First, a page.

The reason that these secondary page assets are so critical for page performance is two-fold. First, there are many more of them for each page than the single HTML file. This means more HTTP connections have to opened and closed, more files have to be transfered from the server to the user’s computer. This takes a lot of time. Second, most of these assets tend to be static, they don’t change very often. This means we can cache them.
Reduce the number of assets
The first thing we need to do is to try to reduce the number of secondary assets which need to be loaded. You can try to simplify the page design to require less assets, reduce the number of images used, replace images with text (which is more accessible and search engine friendly anyhow), etc… Also reducing large files like videos and Flash files can make a significant improvement on page load times. Personally, for things other than video players and similar things, I strongly dislike the use of Flash. There is an impressive amount of rich interface and interaction that can be created using DHTML and AJAX. It generally performs better, loads faster, and is easier to make search engine friendly.
We can also reduce the number of images we request by using CSS Sprites. This is method of putting a number of small images into a single large image and referencing the images based on the coordinates. The downside is that you have to manage/edit the images within the single large image file. The upside is you can dramatically reduce the number of HTTP requests for images to build the page.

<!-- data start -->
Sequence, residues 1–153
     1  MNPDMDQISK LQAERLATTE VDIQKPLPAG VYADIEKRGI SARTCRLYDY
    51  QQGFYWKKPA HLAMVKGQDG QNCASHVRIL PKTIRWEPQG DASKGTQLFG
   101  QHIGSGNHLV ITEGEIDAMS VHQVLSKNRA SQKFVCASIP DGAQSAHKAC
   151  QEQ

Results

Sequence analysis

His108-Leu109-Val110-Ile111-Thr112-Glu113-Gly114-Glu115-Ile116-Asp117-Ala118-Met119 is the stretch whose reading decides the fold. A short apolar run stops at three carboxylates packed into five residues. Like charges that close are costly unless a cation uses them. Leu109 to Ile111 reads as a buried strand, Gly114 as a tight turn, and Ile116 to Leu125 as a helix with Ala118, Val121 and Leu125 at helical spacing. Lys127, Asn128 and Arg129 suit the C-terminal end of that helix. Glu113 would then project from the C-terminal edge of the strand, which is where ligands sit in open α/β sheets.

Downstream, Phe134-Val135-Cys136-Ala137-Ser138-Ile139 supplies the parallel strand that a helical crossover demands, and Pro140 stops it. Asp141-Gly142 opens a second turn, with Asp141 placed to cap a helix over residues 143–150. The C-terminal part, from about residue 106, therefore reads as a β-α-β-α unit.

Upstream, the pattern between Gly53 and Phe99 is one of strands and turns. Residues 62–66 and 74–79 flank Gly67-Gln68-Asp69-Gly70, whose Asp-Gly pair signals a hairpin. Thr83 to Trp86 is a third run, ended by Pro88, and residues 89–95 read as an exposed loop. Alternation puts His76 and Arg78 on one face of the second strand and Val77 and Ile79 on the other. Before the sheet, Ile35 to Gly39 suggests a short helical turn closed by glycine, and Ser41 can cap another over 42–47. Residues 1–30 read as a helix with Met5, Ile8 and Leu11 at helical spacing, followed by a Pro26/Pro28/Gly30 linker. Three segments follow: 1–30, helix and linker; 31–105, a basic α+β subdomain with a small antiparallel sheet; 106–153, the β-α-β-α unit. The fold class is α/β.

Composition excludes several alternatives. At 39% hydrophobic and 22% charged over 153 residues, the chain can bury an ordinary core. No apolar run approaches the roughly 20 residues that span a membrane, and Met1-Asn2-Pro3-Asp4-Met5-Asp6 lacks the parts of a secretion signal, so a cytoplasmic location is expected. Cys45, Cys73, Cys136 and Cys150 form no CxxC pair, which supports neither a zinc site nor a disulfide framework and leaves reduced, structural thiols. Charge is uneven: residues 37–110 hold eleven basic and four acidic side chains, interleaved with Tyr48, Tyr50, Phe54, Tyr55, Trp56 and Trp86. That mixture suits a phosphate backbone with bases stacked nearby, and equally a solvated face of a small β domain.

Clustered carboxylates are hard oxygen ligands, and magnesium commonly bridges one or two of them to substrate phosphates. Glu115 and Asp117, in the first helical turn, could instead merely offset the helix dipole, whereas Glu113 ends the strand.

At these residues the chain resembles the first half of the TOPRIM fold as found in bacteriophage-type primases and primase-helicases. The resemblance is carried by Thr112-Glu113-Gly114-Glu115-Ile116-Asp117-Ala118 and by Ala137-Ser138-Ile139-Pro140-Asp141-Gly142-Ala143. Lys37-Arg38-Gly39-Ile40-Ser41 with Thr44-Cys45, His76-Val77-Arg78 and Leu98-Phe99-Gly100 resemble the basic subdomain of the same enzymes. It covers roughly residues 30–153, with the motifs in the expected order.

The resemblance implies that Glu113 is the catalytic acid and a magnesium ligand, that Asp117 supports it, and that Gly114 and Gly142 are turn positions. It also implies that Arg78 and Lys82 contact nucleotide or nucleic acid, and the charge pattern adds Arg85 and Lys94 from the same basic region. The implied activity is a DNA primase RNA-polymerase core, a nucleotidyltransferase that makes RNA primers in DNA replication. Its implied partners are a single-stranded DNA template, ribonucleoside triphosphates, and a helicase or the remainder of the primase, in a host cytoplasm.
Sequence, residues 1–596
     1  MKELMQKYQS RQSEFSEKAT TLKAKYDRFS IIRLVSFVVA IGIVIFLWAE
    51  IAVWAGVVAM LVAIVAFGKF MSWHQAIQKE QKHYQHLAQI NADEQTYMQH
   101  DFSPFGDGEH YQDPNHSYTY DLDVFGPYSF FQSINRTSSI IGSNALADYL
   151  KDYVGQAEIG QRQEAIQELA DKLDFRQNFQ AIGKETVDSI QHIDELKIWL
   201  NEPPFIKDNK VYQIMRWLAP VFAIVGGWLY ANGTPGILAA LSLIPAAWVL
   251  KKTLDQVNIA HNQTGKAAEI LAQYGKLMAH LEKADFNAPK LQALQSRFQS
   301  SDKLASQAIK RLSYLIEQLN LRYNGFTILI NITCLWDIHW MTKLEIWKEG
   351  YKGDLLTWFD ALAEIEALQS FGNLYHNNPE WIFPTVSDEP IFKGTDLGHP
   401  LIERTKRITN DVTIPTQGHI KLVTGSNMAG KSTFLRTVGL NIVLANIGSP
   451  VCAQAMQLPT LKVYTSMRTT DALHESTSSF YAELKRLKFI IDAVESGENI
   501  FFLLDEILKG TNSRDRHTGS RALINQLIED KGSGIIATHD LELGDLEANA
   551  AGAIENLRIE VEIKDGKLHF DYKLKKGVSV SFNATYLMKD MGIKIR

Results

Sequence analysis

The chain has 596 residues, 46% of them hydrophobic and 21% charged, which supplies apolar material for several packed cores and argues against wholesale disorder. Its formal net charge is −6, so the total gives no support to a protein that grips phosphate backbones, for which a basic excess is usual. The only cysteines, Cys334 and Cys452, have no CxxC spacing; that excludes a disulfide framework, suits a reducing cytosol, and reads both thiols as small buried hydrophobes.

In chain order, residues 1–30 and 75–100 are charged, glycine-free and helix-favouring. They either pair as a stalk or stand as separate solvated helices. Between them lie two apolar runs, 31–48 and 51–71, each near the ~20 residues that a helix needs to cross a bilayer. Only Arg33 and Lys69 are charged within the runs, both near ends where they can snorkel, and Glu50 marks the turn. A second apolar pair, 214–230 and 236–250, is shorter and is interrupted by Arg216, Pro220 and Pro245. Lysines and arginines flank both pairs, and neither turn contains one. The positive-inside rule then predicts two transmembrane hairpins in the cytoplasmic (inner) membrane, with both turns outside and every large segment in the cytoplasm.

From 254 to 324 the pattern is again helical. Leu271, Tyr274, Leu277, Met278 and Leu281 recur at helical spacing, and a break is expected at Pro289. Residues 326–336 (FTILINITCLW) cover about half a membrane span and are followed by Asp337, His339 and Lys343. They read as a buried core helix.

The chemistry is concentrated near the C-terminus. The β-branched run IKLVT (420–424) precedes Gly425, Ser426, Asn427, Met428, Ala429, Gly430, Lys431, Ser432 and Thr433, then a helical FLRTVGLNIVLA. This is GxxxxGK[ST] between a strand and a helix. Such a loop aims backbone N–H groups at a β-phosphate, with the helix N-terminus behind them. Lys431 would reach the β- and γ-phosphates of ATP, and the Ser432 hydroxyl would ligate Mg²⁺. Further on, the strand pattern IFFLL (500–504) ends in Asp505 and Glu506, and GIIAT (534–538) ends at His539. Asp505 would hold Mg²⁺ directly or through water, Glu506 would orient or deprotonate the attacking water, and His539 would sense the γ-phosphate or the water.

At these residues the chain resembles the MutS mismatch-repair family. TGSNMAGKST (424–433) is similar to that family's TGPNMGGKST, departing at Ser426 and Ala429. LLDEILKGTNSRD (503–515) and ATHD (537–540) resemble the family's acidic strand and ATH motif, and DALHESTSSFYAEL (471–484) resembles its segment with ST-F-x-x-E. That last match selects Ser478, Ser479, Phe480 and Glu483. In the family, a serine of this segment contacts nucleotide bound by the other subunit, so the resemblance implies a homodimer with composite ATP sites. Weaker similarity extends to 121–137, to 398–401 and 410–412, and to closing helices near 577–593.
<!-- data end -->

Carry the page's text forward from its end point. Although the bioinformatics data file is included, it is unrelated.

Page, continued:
Reduce file sizes
We need to also reduce file sizes, if we can. Images, Flash files, video files, etc… should all be examined to ensure they are encoded for the minimal size possible and to still maintain the quality needed.
If you’re using ATG on DAS, you can use this ATG pipeline Servlet I create to set the cache related headers easily. If you are using JBoss as your application server then you’ll want to look at this cache header managing Servlet filter that I wrote.
At this point the user’s browser should be requesting fewer, smaller secondary assets to display the webpage, and should only be requesting them once (per expiration time period-week or day). Not only does this make pages load much more quickly, but with the use of caching the static content on the browser, you’ve dramatically reduced the number of HTTP requests that hit the server, thus freeing up your web application cluster to handle more users and page requests on the same hardware. Plus it reduces your bandwidth used, which can save money.